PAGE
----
Iron Maiden - Somewhere In Time
Heavy Metal
8 songs (51:24)
Release year: 1986
Iron Maiden, EMI
Reviewed by Shane
Archive review

It’s tough being sandwiched between two of the best metal albums of all time. Such was the fate destined for Somewhere in Time as it came after Maiden’s classic album Powerslave and before, arguably Maiden’s best album, Seventh Son of a Seventh Son. That’s why I believe that this is one of Iron Maiden’s most underrated albums.

Almost every song is incredible from start to finish as Iron Maiden is able to successfully integrate synthesisers into their sound that add a unique texture to the songs which, in turn, give Somewhere in Time a flavour and vibe that is unique and quite different from any other Iron Maiden album. Make no mistake though, Somewhere in Time is not a total departure from other Maiden releases, as most of the songs include the following classic Maiden ingredients: They are rather lengthy, they prominently feature Steve Harris’s galloping bass, they have great catchy choruses, awesome guitar work and of course, great vocals by Bruce Dickinson.

The album starts with the epic title track Caught Somewhere in Time. This song is approximately seven and a half minutes long and probably has the most killer chorus on the album as it practically begs the listener to sing along to Bruce’s high pitched wail. No one sings “whoaaaaa” like Bruce. As was the standard for 80’s Iron Maiden releases, Bruce Dickinson sounds amazing, as he is able to passionately sing even the dullest song subject matter and make it metal and rocking. He totally saves the lengthy tracks The Loneliness of the Long Distance Runner and Alexander the Great from putting the listener to sleep as they respectively recount the events of an old movie about running and what is basically a history lesson about Alexander the Great. I believe what makes Iron Maiden able to pull off songs about movies, stories and history is Dickinson’s unparalleled vocal delivery. That is why the two Maiden albums the X-Factor and Virtual XI, which had Blaze Bailey handling the vocals, were such duds. Blaze has the passion and the vocal charisma of a dead fish.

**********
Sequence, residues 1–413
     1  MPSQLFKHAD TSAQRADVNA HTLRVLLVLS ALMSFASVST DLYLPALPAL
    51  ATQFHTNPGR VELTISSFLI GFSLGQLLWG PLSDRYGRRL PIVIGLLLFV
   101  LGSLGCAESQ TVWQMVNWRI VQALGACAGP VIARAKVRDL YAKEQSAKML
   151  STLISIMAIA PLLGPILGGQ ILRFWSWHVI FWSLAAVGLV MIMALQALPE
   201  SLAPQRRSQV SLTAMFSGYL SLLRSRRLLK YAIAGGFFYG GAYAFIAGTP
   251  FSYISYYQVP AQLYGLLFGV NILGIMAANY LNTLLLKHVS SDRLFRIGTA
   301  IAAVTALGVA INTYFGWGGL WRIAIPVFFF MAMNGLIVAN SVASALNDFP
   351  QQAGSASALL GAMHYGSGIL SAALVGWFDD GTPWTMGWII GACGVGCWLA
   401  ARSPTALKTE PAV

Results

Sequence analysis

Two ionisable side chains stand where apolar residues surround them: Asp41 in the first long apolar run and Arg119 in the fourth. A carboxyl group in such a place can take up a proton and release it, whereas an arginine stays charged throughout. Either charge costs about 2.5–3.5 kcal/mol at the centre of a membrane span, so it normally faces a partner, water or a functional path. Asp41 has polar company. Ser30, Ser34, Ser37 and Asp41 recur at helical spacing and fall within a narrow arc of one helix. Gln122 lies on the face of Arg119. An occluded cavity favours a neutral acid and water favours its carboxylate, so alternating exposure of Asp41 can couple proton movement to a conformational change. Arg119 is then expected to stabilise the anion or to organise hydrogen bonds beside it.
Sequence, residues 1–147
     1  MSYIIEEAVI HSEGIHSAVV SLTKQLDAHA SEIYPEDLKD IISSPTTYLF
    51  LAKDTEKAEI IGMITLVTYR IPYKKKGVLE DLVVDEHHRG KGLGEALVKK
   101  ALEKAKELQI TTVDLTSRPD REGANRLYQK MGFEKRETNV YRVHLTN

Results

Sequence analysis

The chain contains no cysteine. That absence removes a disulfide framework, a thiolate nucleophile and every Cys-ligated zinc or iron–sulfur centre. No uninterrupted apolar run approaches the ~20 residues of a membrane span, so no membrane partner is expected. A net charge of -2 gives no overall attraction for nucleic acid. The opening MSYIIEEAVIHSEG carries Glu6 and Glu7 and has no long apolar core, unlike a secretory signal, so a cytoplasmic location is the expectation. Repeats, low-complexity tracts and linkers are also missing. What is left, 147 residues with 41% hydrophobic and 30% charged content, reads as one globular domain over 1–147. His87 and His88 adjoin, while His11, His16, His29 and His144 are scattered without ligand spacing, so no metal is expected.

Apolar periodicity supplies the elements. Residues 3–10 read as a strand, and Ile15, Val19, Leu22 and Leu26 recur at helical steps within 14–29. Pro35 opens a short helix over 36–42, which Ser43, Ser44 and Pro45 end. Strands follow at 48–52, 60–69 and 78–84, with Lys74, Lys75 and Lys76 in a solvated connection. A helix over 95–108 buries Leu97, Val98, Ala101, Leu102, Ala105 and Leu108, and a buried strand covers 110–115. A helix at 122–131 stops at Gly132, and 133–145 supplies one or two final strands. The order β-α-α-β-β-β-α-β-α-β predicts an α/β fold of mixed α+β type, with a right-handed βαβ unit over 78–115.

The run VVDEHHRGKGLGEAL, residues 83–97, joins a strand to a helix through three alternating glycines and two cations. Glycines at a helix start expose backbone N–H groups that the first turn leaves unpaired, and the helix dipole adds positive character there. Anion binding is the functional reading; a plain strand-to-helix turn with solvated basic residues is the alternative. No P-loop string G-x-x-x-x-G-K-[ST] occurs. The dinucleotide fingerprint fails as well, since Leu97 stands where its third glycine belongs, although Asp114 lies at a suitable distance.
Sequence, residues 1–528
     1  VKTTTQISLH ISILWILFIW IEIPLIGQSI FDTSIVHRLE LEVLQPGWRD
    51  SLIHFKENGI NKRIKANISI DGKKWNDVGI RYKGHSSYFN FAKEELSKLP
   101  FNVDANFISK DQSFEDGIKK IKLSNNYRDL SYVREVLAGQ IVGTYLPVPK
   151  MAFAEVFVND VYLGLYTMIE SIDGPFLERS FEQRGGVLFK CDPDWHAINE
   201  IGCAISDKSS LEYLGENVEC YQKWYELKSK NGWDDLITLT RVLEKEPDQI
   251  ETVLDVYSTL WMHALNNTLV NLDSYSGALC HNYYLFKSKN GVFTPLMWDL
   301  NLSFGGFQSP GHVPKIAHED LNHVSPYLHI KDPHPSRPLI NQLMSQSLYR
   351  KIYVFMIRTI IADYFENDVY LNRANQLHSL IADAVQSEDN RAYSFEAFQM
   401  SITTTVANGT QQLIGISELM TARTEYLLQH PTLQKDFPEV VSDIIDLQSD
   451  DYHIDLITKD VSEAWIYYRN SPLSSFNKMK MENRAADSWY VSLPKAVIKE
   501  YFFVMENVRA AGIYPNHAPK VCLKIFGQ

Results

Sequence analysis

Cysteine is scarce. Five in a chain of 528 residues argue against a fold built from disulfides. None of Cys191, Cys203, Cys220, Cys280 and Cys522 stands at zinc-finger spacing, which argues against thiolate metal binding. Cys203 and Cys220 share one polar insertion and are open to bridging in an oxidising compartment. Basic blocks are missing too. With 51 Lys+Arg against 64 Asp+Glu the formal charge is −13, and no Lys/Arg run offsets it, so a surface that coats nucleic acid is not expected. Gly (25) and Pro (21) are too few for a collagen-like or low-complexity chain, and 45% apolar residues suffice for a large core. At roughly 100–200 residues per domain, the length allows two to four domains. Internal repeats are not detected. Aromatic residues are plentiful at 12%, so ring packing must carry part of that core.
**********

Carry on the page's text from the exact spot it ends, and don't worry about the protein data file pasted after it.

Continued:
Wasted Years is the second track and probably the most well known track on the album. It is one of the few songs that is short enough to be considered for commercial air play (only 5:06, you know they were holding back too) and it’s chorus is extremely catchy. This is easily the most commercial song of the album. Did I mention that it is also an excellent song as well?

Sea of Madness, despite the fact that the opening riff is the heaviest on the album (Classic Adrian Smith), is the worst song on the album. The chorus is the only one that isn’t catchy or memorable, and the lyrics are just plain bad. Not even Dickinson can make the words madness and sadness sound good when they are used to rhyme with each other. This song isn’t terrible, it’s just a second rate Maiden song.